Often smaller funds can tick these boxes and given their recent fundraising trouble, it could represent an opportunity for out-sized returns if one picks the right fund - although it can be a risky proposition.
Interestingly, data from Bain’s Global Private Equity Report indicates a potential opportunity with buyout funds as they have historically tended to generate stronger returns coming out of recession when compared to the years going in. Global buyout IRR saw spikes coming out of both the 2001 tech crash along with the 2008 financial crisis.
Non-Institutional Capital Comes into Focus
A running theme that various industry reports have highlighted is the demand for non-institutional capital. Not only did McKinsey allocate an entire section to the subject, but Bain’s recent Global PE report noted the priority amongst GPs to tap further into individual investors. As alternative asset classes reach saturation within the institutional investor pool, the next frontier lies within individual investors.
At present, retail investor allocations to private markets are very low, ranging from 5–6 percent, but there is a big desire from GPs to grow this number.
Not to mention, investing in the private markets appeals to non-institutional investors for the same reasons that it does to institutional ones:
The potential for higher returns
Lower correlation with public equity markets
Access to otherwise inaccessible markets and strategies
If you enjoyed this read and have any questions or would like to discuss further, feel free to schedule a call with us - we’re happy to chat.
Updates from Across the Ecosystem
VC & PE Reports
In each newsletter, I plan to share perspectives from thought leaders across the venture and PE ecosystem. We spend time scrolling for insights from some of the most successful capital allocators so you don’t have to.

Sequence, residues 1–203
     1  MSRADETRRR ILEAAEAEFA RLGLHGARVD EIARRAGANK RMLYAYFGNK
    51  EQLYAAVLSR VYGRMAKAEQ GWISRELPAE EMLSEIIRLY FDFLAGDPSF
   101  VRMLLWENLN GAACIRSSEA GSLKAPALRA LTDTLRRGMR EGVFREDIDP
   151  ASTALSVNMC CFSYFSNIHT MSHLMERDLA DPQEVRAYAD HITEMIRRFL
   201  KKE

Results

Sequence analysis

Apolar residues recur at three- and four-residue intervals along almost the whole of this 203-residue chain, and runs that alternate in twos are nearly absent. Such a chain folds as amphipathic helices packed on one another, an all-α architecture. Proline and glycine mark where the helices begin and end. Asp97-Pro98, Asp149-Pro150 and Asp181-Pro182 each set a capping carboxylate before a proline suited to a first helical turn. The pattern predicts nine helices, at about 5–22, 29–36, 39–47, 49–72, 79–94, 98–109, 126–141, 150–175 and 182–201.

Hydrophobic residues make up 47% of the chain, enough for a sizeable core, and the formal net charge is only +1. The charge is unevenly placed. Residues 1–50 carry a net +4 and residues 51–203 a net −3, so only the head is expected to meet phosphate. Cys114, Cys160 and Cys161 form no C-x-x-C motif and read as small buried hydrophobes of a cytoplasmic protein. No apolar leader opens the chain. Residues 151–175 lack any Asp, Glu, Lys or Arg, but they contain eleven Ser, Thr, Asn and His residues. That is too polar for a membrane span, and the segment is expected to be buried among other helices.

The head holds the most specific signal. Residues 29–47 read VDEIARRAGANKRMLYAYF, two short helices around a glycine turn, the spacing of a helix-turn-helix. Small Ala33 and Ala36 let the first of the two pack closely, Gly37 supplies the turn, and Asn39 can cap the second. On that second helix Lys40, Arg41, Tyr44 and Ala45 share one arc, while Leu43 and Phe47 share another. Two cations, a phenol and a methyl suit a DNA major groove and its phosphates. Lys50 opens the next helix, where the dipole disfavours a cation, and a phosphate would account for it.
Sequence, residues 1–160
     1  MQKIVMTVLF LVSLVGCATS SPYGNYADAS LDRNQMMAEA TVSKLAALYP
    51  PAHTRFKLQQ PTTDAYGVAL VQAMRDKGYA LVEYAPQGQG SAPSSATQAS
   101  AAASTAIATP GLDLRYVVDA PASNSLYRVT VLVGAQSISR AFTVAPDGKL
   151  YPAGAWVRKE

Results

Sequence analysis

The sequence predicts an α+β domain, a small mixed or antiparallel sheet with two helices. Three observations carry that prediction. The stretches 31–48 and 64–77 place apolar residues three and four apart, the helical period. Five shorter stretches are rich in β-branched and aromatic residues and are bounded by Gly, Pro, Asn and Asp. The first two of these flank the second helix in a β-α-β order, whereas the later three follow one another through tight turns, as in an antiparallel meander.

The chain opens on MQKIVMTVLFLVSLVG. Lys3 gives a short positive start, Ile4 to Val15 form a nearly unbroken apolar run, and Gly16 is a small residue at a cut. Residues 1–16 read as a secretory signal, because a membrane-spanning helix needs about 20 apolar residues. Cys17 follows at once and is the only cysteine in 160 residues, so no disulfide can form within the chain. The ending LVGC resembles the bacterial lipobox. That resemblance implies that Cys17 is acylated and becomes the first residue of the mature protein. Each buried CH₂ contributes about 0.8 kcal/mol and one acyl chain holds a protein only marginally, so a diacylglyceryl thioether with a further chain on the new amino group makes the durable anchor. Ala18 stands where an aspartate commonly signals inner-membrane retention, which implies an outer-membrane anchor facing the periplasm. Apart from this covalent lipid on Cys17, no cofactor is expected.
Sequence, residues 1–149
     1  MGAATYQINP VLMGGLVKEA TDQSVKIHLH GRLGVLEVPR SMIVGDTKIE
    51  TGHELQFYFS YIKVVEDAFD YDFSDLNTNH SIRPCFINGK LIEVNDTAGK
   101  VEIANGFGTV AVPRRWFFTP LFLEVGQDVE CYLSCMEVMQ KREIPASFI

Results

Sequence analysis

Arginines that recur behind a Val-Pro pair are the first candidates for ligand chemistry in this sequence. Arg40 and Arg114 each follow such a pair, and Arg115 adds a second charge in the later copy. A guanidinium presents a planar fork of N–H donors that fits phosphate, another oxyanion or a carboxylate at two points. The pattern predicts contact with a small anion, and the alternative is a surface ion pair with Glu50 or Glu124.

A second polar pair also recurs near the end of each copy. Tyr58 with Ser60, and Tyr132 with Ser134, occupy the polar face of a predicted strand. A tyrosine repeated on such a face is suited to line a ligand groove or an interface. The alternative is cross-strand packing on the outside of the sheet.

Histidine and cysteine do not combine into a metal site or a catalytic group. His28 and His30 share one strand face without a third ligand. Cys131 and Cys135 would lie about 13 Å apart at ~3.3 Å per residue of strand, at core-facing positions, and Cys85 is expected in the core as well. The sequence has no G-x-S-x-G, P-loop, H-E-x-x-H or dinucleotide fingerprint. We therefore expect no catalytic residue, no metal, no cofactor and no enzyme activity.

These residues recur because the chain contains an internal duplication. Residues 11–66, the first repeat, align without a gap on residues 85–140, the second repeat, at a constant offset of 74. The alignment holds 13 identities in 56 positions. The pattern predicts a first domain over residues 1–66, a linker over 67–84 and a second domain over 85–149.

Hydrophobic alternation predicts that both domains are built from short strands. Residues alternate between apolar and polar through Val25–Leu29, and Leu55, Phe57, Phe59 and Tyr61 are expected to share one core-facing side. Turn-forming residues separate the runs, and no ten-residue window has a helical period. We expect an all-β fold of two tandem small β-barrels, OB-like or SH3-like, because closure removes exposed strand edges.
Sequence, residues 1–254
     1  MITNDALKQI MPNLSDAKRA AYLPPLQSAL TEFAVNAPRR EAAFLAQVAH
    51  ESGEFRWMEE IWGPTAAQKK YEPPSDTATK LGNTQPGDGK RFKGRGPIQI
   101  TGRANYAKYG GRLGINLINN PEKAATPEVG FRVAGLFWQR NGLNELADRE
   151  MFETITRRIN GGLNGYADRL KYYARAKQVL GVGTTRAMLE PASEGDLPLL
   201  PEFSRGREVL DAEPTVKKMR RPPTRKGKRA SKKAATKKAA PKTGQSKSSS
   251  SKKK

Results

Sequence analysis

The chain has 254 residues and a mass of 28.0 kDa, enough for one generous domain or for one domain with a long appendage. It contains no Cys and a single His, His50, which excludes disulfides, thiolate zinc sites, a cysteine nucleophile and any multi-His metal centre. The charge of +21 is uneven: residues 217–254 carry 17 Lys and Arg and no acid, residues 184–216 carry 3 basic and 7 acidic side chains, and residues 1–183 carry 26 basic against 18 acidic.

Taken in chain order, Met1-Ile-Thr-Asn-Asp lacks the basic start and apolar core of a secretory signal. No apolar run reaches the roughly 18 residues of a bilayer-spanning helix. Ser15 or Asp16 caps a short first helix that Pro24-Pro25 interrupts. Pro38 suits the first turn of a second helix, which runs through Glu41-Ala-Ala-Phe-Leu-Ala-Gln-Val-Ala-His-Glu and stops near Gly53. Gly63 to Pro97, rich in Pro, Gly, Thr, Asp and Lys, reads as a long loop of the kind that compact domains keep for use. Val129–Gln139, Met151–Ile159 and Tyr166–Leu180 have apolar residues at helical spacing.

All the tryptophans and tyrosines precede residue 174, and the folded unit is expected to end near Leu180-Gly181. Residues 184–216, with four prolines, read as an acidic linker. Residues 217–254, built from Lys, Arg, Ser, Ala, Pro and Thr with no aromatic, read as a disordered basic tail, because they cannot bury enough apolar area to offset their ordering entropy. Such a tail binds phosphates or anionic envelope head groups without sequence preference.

Here’s what we came across this week 👇
Gavin Baker (CIO, Atreides Management)
Gavin points to the current illiquidity discount in some facets of the private markets, a first in the past 10 years. This is an interesting opportunity for LPs looking to deploy long-term capital in private markets.
1) VC/PE multiples are lower than public equity multiples for the first time in 10 years per Morgan Stanley.
Still not there in SaaS in my experience, but there in most other parts of Tech.
VC opportunity set increasingly attractive.
— Gavin Baker (@GavinSBaker)
Mar 24, 2023
David Sacks (Partner, Craft Ventures)
Sacks, also a co-host of All In, shares his thoughts on the first and second-order impacts of the Fed rate hikes:
When the Fed spiked interest rates from ~0 to ~5% over the past year, it had 3 main effects:
1. Undercut value of bonds, especially long-dated bonds.
2. Made lending more expensive, particularly for large purchases like real estate that have to be financed.
3. Increased… twitter.com/i/web/status/1…
— David Sacks (@DavidSacks)
Mar 23, 2023
Compared to past tightening cycles, rates have risen to very high levels in a very short period of time…
Chamath Palihapitiya (CEO, Social Capital)
There are a lot of potential risks of a ‘heard mentality’ in venture investing. For LPs allocating capital, factors like correlation and DPI should be increasingly top of mind, because running with the crowd may not be the safest strategy after all. Often some of the greatest return profiles in venture were originally the most contrarian bets. When the crowd tends to zig in terms of what they invest in, it can often help to zag.